Batman: Blink collects issues 156-158 and issues 164-167 of the original Legends of the Dark Knight series. Originally published in 2002 and 2003, it’s written by Dwyane McDuffie and drawn by Val Semeiks. There are two different stories collected here. The first is the initial 3-issue Batman: Blink storyline and the second has the pair returning to the same characters a short time later in the Legends of the Dark Knight series.
Blink is a blind man that has a special power that allows him to see out of the eyes of anyone he makes contact with. For years, Blink has been using this power to get rich by draining people’s bank accounts after seeing all of their information through their own eyes after touching them on the street. Things get messy when Blink makes contact with a man who turns out to be a serial killer. While trying to help the woman about to be murdered, Blink is mistaken for the murderer and it’s then that he makes contact with Batman.
This conceit about Blink being able to see through others’ eyes is sometimes used effectively to tell a Batman story from a point-of-view that readers aren’t used to seeing all that often. Rather than a straight-away inner monologue and shots of Batman brooding, McDuffie and Semeiks leverage Blink’s power to tell some of the story in first-person. It’s an interesting tool that helps separate Blink from any number of other “Batman must stop serial killer!” stories that got told during this same period of time. However, I would have actually liked to see more of this during the first story collected here. There was much of less of it in issues 2 and 3 and it ended up being a more standard Batman story. As is typical of Legends of the Dark Knight, the story is more grounded and based on Batman solving street-level crime. Apart from Blink’s powers, what you end up with is pretty standard 90’s/early 00’s Batman fare.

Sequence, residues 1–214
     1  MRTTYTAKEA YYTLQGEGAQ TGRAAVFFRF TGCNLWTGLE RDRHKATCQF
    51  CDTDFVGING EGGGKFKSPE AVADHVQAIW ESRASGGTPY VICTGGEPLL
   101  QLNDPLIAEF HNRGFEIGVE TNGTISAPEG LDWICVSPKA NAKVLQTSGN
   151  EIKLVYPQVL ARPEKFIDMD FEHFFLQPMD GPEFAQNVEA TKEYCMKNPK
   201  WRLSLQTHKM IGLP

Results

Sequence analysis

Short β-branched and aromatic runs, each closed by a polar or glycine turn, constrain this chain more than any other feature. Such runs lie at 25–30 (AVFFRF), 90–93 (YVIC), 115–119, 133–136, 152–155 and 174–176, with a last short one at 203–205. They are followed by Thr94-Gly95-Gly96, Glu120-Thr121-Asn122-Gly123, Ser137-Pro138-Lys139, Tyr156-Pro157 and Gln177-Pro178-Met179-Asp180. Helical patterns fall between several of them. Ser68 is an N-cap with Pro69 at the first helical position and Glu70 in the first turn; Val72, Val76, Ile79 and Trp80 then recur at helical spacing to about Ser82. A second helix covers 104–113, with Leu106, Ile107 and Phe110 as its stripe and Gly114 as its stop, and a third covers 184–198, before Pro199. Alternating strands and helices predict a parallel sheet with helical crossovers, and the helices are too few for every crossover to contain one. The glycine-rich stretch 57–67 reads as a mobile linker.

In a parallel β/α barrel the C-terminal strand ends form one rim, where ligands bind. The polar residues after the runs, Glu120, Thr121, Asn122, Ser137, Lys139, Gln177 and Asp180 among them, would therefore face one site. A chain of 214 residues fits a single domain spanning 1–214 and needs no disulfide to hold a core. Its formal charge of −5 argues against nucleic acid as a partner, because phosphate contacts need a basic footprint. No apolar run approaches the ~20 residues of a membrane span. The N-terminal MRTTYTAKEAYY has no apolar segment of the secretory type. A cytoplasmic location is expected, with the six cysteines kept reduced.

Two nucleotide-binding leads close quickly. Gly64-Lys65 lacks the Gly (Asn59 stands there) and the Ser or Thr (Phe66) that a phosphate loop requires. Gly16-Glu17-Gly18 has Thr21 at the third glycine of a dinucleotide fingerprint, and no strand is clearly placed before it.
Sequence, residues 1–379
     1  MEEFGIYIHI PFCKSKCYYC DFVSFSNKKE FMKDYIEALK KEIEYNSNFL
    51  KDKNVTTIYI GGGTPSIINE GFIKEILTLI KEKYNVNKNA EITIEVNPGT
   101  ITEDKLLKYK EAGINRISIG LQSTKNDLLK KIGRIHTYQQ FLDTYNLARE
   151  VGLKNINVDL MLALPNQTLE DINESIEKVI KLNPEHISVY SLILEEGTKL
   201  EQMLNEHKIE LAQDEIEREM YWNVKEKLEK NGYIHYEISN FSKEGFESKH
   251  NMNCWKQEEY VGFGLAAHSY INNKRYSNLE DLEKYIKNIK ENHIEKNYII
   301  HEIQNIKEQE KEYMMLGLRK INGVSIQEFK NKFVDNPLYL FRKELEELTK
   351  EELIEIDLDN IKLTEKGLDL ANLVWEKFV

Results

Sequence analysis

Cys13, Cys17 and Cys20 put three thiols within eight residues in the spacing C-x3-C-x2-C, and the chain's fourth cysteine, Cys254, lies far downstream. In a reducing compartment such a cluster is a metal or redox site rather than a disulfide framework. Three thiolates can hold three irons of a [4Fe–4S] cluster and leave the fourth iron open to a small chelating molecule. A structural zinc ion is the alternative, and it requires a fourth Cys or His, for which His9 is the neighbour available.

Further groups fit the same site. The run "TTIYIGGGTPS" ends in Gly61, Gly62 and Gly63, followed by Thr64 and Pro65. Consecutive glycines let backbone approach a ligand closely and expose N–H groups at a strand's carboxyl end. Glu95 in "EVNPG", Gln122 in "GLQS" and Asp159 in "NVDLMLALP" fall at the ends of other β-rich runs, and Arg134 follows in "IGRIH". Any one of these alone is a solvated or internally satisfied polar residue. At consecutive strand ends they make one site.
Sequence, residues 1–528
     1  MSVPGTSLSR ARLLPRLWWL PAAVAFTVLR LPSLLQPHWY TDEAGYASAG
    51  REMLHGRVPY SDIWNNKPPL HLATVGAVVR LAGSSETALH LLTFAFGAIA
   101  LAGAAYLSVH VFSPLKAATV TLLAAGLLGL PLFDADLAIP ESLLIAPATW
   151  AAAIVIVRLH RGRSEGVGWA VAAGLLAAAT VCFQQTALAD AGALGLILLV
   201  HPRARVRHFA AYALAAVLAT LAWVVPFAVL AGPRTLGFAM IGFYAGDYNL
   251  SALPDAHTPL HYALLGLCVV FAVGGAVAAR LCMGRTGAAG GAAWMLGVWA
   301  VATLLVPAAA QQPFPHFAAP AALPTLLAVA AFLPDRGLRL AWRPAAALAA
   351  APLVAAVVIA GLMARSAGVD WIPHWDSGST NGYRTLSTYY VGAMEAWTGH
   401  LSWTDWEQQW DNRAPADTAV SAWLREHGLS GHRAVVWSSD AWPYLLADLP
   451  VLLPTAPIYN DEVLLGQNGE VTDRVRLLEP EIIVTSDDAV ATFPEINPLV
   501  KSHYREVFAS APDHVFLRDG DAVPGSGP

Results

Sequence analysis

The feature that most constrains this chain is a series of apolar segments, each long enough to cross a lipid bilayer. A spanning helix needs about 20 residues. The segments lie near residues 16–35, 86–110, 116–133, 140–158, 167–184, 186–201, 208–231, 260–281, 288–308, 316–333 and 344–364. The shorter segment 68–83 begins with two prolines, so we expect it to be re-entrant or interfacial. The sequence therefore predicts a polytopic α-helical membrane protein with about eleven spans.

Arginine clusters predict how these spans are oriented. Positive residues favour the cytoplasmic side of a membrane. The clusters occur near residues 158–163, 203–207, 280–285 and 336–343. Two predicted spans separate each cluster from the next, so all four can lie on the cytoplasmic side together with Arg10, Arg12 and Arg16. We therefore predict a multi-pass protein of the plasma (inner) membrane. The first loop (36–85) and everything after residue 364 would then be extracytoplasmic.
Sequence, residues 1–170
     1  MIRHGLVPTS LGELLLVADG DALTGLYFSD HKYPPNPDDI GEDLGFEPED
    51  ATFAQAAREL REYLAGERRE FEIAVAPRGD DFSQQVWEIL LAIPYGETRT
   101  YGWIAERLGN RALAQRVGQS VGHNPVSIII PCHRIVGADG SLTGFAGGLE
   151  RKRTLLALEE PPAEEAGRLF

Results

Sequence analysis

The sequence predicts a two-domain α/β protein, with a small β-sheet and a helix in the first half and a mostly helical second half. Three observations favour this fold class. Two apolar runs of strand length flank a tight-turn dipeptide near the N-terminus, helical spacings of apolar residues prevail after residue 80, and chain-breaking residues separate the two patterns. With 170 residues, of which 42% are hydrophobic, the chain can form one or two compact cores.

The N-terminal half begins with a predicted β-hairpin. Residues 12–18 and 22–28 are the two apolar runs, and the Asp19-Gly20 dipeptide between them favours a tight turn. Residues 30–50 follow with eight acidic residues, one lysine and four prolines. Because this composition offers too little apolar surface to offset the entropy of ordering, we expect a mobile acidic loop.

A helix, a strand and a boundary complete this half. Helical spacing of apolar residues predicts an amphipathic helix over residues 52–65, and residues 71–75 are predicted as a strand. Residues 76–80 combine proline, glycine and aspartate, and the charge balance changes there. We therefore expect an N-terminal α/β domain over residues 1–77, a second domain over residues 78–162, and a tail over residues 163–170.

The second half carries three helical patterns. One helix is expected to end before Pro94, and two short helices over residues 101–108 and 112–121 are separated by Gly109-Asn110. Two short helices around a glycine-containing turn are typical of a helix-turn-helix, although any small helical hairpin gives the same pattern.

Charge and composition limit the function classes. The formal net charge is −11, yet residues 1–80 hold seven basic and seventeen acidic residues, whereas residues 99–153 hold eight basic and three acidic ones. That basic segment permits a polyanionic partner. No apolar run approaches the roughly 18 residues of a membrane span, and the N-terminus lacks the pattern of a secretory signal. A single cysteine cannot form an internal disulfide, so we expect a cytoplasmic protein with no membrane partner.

The second story in this collection “Don’t Blink”, finds McDuffie and Semeiks teaming up again for a new Blink and Batman tale. With the groundwork already laid during the first arc, McDuffie jumps right in a few months after the previous story ended. Replace a crime ring with the secretive federal agencies and the stage is set for a story that’s not that dissimilar from the first. One thing that’s pretty striking is that you don’t see Batman stories like this that often anymore. As the twenty-first century progressed there were fewer and fewer of these street-level stories where Batman is solving crime and a more concerted effort at over-the-top villains and blockbuster action. It is refreshing to read something smaller in scale, even if some of the content likely wouldn’t make it past the editorial desk today.
Semeiks’ art throughout both arcs is pretty consistent with the DC house style from this period but wouldn’t necessarily be that out of place on the stands today. It doesn’t feel dated, apart from the obvious changes to Batman’s depiction from 2002 to 2020. McDuffie has given Semeiks a lot of ground level action to work with. Absent is the rogues gallery that Batman is so famous for, but Semeiks gets to spend about half the book rendering Batman doling out justice on criminals and crooked government men.
All in all, I thought this collection was pretty enjoyable. Going on two decades since it’s been released, it still manages to hold up pretty well. There are most definitely Batman story arcs that have aged much more poorly. It certainly feels like a late 90’s/early 2000’s Batman story, but it’s still pretty effective today. It’s not overly dense and flows well. One thing that stands out is how much the characterization of Batman has softened compared to this fairly brutal version that was en vogue for about two decades after Frank Miller first started writing the Bat. Batman: Blink wasn’t ground-breaking, but it was a perfectly serviceable small-scale Batman story and a pretty quick read.